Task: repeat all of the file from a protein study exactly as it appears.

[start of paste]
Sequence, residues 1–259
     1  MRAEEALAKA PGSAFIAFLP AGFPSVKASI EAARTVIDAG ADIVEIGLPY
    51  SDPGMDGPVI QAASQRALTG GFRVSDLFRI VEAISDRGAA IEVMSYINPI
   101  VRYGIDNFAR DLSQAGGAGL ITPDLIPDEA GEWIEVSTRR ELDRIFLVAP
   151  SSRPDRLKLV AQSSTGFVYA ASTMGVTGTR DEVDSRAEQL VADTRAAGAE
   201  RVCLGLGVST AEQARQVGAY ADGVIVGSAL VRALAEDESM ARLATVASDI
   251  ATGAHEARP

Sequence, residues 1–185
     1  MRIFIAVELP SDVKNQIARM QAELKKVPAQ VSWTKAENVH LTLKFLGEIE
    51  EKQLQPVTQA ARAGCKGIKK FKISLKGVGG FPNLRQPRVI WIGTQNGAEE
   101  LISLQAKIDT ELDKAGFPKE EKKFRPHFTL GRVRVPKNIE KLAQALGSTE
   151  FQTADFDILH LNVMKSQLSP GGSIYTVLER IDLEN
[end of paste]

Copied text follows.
Sequence, residues 1–259
     1  MRAEEALAKA PGSAFIAFLP AGFPSVKASI EAARTVIDAG ADIVEIGLPY
    51  SDPGMDGPVI QAASQRALTG GFRVSDLFRI VEAISDRGAA IEVMSYINPI
   101  VRYGIDNFAR DLSQAGGAGL ITPDLIPDEA GEWIEVSTRR ELDRIFLVAP
   151  SSRPDRLKLV AQSSTGFVYA ASTMGVTGTR DEVDSRAEQL VADTRAAGAE
   201  RVCLGLGVST AEQARQVGAY ADGVIVGSAL VRALAEDESM ARLATVASDI
   251  ATGAHEARP

Sequence, residues 1–185
     1  MRIFIAVELP SDVKNQIARM QAELKKVPAQ VSWTKAENVH LTLKFLGEIE
    51  EKQLQPVTQA ARAGCKGIKK FKISLKGVGG FPNLRQPRVI WIGTQNGAEE
   101  LISLQAKIDT ELDKAGFPKE EKKFRPHFTL GRVRVPKNIE KLAQALGSTE
   151  FQTADFDILH LNVMKSQLSP GGSIYTVLER IDLEN